For example, the no-smoking Law on aeroplanes is not there because the aviation industry hates smokers. Chemical Laws dictate that if a flame comes into contact with a combustible material, that material will get lit (quite literally). In addition, science has established the impact of second-hand smoking (i.e. if you are a second-hand smoker, then this, this, and this is likely to happen). Man-Made Laws were created as a hedge to prevent the undesirable consequence of these Nature Laws, a way of protecting society and humankind from satisfying the “if this” side of laws that yield unpleasant effects — like putting a fence around a ledge to prevent people from falling off. Man-made laws require a man to create and implement the consequences/reaction, and because man is malleable, these laws are often malleable and can be changed. In fact, they are changed now and then — sometimes yielding positive effects, other times yielding adverse effects.

Do not be deceived, God is not mocked [He will not allow Himself to be ridiculed, nor treated with contempt nor allow His precepts to be scornfully set aside]; for whatever a man sows, this and this only is what he will reap.— Galatians 6:7

Thou shalt not follow a multitude to do evil— Exodus 23:2A

If fifty million people say something foolish, it’s still foolish.— Anatole France

Man-made laws are malleable; because man makes them, they sometimes pander to opinion, emotion, “individualized truths or realities”, propaganda, or the mob, and herein lies their flaw. Man-made laws are made as a hedge against Nature Laws, and paying too much attention to the pandering to man while simultaneously losing sight of the Nature Laws governing those actions is bound to have disastrous ends. This is because Nature Laws “no send your papa” — they’re no respecter of persons or emotions. They are the actual Laws; man-made laws are simply a hedge.

The truth is that a stupidity, or blissful ignorance of Nature’s Laws, even after having passed through a million mouths, does not become any less foolish. Nature Laws do not operate in a democracy; if a million people or the majority believes a foolish thing, it neither makes that thing true nor less foolish. The united voice of millions cannot lend the slightest foundation to falsehood.

With man-made Laws, a little digging can uncover the Whys or the goal of the Law. On the premise of immutable Nature Laws, one can confidently predict the impact of said Man-made Laws. Because man makes man-made laws, and to err is human, there are some man-made laws with undesirable consequences. It is relatively easy to identify these “bad laws” once viewed from the lens of nature Laws — are bad because they yield unwanted effects.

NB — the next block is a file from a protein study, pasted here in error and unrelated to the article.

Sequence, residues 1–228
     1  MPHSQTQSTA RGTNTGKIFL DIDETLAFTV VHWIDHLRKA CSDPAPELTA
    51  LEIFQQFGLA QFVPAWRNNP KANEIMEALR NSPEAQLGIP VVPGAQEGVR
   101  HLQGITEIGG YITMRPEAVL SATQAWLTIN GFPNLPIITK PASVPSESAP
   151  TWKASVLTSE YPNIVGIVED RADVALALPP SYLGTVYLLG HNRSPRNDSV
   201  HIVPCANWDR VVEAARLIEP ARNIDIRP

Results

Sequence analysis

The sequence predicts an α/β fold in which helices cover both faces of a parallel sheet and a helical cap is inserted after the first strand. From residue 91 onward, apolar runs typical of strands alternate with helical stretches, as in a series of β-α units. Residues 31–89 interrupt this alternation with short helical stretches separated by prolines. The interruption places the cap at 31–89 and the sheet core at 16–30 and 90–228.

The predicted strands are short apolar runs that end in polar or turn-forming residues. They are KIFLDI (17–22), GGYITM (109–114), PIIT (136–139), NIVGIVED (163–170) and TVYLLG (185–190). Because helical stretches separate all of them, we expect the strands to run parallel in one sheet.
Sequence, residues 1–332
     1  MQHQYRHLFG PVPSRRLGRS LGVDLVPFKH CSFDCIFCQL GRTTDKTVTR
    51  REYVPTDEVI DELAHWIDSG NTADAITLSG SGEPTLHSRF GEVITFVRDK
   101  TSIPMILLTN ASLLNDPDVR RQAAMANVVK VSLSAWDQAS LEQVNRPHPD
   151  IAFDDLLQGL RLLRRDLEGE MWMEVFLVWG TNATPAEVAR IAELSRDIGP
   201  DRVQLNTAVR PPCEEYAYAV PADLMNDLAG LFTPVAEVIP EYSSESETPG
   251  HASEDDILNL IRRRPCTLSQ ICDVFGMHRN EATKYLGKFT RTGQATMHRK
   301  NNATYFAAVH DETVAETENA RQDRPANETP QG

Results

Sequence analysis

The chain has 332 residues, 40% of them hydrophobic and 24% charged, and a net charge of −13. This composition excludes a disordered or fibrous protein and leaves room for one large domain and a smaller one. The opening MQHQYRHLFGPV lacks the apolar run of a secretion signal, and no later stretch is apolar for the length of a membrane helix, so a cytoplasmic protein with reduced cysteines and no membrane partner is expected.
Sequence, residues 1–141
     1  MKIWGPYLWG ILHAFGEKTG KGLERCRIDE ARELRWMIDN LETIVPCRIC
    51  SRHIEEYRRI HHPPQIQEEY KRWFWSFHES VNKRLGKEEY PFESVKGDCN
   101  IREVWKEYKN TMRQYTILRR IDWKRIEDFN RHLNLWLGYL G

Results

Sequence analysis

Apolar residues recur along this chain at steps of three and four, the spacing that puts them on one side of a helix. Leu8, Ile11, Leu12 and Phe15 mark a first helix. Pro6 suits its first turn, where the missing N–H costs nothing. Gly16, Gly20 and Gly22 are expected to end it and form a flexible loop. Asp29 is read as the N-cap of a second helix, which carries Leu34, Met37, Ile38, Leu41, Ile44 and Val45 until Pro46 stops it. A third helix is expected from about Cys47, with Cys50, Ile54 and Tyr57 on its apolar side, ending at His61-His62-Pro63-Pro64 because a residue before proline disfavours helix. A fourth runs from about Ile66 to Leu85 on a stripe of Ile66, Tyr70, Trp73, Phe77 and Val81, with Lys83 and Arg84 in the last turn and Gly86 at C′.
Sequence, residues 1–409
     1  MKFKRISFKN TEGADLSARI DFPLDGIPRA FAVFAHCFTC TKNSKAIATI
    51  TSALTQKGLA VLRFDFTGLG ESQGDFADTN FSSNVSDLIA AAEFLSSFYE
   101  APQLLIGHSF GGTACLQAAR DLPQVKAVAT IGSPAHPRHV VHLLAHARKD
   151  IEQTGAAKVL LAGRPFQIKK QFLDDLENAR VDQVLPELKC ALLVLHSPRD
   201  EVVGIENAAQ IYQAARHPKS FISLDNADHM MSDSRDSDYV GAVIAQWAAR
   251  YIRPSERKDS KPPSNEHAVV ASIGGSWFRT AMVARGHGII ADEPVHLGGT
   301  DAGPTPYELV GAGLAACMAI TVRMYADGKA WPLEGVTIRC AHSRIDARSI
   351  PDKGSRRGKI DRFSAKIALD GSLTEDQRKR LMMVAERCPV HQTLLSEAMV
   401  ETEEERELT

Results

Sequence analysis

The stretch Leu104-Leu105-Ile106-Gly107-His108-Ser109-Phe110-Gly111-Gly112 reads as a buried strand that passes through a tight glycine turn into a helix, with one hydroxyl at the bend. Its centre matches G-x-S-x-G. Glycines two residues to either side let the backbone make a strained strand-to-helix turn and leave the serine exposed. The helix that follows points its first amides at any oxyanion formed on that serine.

The Illusion of Choice

Be not deceived; God is not mocked: for whatsoever a man soweth, that shall he also reap. — Galatians 6:7

In the reality of the existence of Laws, i.e., statements that define action and reaction, cause and effect, and choice and consequence, the idea of “freedom is choice” is not without the burden/chain or shackle of consequence. It would be shortsightedness (to particular extent foolishness) to make decisions based on the actions themselves or immediate impact and not on the long-term result.

It would be shortsightedness to, on the premise of “immediate effect”, “emotion”, or even compassion, institute man-made laws or imbibe practices and actions that ignore the mid to long-term effect of Nature Laws. This approach may sound harsh, and it may appear void of compassion or “understanding of persons” in the immediate, but this has the potential to save lives. We see such a scenario play out in the “handing over to Satan” (1 Corinthians 5:5), in the sparing of the rod that spoils the child (Proverbs 13:24), in the pruning of the branch which produces (John 15:2), in the seed falling to the ground to die, so it does not abide alone in the end (John 12:24). It may be hard, it may “hurt” in the immediate, but you are preserving life, the light afflictions producing an incomparable eternal weight and glory.